Kodak PlayFull Ze1 Camcorder Review
The Kodak PlayFull, like previous Kodak camcorders, had severe problems with our color accuracy test. The camcorder's issues stem from its terrible auto white balance performance, which resulted in an intense, orange glow on the PlayFull's footage from our bright light test. We saw the exact same thing from the PlaySport Zx5 camcorder and we've seen this before on cheap camcorders from other manufacturers as well. Kodak needs to address this issue, as it makes the camcorders nearly unusable under certain lighting conditions. More on how we test color.
In our test, the PlayFull Ze1 managed a color error of 16.76 and a wild saturation level of 167.7%. Neither of these numbers should be used for comparison because they are so far off from the norm—all because of the terribly inaccurate white balance. In Kodak's defense, the camcorder had much better colors under natural light (outdoors) and in our low light test (with LED light). The PlayFull has no manual color controls, but in the camcorder's "effects" menu there is an option to boost saturation levels (high saturation) or to record video in black and white.
The Kodak PlayFull Ze1 had a nearly identical color performance to its brand-mate, the PlaySport Zx5 (both had alarming issues with white balance). The GE DV1 also had white balance issues, but they weren't nearly as severe, and the Sony Bloggie Touch TS10 is one of the few ultracompact models we've seen that actually did a good job in our bright light color accuracy test.
Low Light Color
Because the PlayFull didn't have as much of a problem with white balance in low light, the camcorder ended up with a much better color accuracy score in this test than it did in our bright light color accuracy test. Again, the PlayFull put up numbers similar to the Kodak PlaySport Zx5—a color error of 5.48 and a saturation level of 85%. These numbers are decent for an ultracompact camcorder, as they rank better than the GE DV1's performance, and very similar to the Sony Bloggie Touch MHS-TS10. More on how we test low light color.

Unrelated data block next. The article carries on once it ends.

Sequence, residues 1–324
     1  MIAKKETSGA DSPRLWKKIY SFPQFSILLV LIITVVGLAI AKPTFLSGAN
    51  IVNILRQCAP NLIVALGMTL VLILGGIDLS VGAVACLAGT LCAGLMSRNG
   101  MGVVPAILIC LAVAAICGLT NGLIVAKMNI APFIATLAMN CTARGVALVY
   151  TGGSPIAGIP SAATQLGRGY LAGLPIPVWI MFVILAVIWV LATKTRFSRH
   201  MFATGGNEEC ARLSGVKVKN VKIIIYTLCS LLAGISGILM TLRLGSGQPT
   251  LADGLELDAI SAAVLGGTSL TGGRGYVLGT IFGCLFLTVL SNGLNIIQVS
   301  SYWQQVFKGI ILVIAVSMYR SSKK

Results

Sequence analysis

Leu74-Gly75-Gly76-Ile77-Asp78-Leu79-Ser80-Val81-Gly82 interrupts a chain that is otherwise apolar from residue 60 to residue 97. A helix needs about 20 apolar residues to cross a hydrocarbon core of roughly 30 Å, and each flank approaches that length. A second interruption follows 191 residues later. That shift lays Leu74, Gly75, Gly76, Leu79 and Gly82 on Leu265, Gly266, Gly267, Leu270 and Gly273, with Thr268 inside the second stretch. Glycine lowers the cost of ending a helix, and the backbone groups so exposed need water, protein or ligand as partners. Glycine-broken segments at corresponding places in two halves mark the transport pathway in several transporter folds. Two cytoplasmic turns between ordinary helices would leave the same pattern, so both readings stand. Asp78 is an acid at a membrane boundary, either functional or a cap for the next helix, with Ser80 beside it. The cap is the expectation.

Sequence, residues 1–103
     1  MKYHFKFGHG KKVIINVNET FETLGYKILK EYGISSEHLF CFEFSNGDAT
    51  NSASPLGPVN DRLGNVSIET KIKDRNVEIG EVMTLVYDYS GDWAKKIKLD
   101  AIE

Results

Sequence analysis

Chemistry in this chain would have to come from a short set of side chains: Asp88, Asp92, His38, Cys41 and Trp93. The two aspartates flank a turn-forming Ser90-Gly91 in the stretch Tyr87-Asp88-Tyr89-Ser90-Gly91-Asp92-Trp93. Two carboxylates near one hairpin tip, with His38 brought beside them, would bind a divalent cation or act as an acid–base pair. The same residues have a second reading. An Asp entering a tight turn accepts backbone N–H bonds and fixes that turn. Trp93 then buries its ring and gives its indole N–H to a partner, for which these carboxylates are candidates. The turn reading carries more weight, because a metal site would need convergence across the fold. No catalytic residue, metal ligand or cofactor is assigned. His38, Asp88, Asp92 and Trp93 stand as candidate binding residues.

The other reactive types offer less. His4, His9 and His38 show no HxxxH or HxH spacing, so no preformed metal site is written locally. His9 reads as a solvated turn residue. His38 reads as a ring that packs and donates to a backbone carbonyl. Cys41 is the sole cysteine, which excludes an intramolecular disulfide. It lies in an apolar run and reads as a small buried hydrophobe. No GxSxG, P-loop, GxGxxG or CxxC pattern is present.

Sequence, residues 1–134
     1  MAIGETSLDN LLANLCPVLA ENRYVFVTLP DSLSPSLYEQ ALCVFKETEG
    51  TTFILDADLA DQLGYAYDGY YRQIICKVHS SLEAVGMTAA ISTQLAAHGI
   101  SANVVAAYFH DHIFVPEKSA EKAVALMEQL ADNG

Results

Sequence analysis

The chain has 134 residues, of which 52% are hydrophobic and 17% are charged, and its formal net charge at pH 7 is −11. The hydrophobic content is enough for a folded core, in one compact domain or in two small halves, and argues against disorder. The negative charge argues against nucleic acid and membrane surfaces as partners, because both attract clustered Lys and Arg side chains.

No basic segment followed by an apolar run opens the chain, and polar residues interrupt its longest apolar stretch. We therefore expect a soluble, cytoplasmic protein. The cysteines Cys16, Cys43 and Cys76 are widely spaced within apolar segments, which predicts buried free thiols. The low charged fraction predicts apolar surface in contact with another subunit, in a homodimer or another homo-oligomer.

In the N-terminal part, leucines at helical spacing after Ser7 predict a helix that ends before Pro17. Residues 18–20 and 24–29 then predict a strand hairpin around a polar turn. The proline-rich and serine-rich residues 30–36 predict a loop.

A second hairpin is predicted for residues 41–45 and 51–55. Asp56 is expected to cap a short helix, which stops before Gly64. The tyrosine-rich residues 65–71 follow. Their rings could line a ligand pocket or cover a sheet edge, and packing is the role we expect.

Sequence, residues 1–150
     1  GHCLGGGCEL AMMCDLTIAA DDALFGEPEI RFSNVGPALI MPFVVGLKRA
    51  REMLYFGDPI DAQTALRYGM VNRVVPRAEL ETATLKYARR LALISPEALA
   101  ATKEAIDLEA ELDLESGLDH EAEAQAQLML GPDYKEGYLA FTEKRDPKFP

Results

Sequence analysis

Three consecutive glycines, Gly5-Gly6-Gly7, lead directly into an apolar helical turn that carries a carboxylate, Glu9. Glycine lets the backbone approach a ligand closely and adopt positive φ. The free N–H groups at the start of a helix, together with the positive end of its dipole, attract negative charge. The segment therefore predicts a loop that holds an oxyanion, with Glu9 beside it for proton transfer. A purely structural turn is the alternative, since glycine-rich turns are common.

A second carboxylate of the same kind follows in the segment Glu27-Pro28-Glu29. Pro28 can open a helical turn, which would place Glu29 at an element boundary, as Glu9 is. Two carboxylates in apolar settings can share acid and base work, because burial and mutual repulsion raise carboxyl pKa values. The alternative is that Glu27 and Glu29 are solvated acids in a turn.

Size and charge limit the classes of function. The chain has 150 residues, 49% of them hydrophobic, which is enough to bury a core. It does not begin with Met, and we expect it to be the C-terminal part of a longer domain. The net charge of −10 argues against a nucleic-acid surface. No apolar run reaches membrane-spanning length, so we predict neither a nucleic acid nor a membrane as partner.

We like the PlayFull's vivid colors in low light, but the camcorder's image did appear rather blurred (particularly in comparison to the Sony Bloggie Touch). Overall, its low light image looked extremely similar to that of the Kodak PlaySport Zx5, which makes sense because the color accuracy and saturation numbers for the two models were in the same range.
Noise levels measured on the PlayFull's test image in bright light came to 0.7%, which is decent for a cheap camcorder. It's roughly the same amount of noise we measured on the Kodak PlaySport Zx5 (0.66%), and it's a bit more noise than was registered by the GE DV1 and the Sony Bloggie Touch. We'd like the noise level on the PlayFull to be a bit lower, but we're satisfied with the camcorder's result—and the PlayFull had nearly the same amount of noise in our low light test, which is another good performance for the camcorder. More on how we test noise.
In the crop image above, the Kodak PlayFull appears to have captured a decently-sharp image (sharper, at least, than the PlaySport Zx5). Unfortunately, the sharpness of the PlayFull's image varied wildly, and, at times, we found certain areas—usually on the left side of the frame—were unfocused and blurred. To get the crop above, we had to frame our test chart slightly askew, otherwise the left side wouldn't look nearly as sharp (appearing more like the Zx5's image). At its best, the PlayFull Ze1 did a good job with sharpness, but, like we said, this sharpness didn't always apply to the entire frame.